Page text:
Physical Therapy Strategies for Progressive Diseases
Many of the effects of progressive diseases that affect a person’s muscular system can be slowed down or improved with physical therapy. Diseases such as Parkinson’s, Freidrich’s Ataxia, as well as many others, may be progressive and degenerative, but exercises geared toward delaying the progression can improve a person’s chance of health.
Physical therapy as a medical intervention
While these diseases are generally incurable, physical therapy may increase positive outcomes for the patient, especially in the short term. Numerous studies have been done to assess the effectiveness of exercise and physical therapy, and these studies show that they are helpful, although not curative. However, they can increase the patient’s functionality at least for some period of time.
Patients can go to physical therapy session long term, but they can also do several sessions and then bring home the concepts and exercises. Here are some physical therapy exercises that patients can perform at home to maximize the benefits:
- Balancing – exercises that train the patient for proper balance can be crucial toward keeping him on his feet and walking as long as possible. Some ideas are:
- Standing with one foot in front of the other and holding that position for one minute.
- Standing on one foot and bending the other knee, like a flamingo, and holding that position for one minute.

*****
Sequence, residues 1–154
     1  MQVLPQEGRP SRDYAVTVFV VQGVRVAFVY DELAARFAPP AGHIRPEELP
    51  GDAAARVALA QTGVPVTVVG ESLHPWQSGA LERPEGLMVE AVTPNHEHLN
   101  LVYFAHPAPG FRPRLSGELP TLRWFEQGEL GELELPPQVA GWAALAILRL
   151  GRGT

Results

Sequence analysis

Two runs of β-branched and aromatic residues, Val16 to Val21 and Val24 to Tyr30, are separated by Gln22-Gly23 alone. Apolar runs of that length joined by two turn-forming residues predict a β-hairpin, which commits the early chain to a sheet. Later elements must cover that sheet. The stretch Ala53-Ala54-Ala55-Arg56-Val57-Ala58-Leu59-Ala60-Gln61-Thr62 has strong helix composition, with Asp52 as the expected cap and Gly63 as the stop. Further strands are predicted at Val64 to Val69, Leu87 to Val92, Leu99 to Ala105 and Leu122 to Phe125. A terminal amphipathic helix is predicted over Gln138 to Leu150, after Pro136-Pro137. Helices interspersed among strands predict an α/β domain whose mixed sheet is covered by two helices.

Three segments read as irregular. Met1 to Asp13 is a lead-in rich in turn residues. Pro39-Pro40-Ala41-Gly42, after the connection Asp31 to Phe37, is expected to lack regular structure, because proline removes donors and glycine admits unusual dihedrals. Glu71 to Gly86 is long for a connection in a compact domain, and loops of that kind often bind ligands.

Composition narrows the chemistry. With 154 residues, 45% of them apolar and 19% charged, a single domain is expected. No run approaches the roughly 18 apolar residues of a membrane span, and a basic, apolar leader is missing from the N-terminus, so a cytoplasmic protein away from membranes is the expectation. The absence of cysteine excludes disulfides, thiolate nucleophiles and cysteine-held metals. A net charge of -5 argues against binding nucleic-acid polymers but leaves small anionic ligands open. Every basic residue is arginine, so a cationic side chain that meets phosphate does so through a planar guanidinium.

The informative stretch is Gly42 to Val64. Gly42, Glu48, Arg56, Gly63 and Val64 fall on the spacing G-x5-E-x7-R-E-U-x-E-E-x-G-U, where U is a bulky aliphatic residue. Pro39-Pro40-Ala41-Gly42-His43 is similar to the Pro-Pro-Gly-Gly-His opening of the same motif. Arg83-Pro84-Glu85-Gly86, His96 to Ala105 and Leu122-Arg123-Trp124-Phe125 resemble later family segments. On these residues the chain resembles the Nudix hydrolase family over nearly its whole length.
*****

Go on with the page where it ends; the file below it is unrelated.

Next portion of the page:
- Walk with one foot directly in front of the other for twenty steps.
- Join yoga or Tai Chai groups, both of which help with balance.
- Stretching – stretching all of your limbs in the morning and at night keeps the blood flowing and your limbs elastic. These are some exercises that help:
- Sit on the floor and stretch your legs out as much as possible, as if you were trying to do a split. Lean your body to one direction as much as possible and extend your other arm over your head, giving your body a total stretch. Repeat on the other side.
- Stand straight and bend over your knees, extending your arms down as much as possible.
- Lie on your back , bend your knees, and pull each one into your chest one at a time.
- Core muscle strength – keeping your core strong allows you to have better control of your limbs and your mobilization.
- Planking gives your core excellent strength and control. There are so many ways to do this, pick the one that feels right for your body.
- Roll ups – lie flat on your back, and using your stomach muscles, slowly pull your body up to sitting.
- Take a Pilates course, which focuses on core muscle strength.
These and many other physical therapy exercises can help you stay fit and strong and stall any debilitating effects of degenerative disease. Consult with a physical therapist to determine the best regimen for your individual needs.
We have an excellent physical therapy program at The Alameda Center for Rehabilitation in New Jersey, where people who are dealing with the effects of progressive disease can learn exercises to take control.
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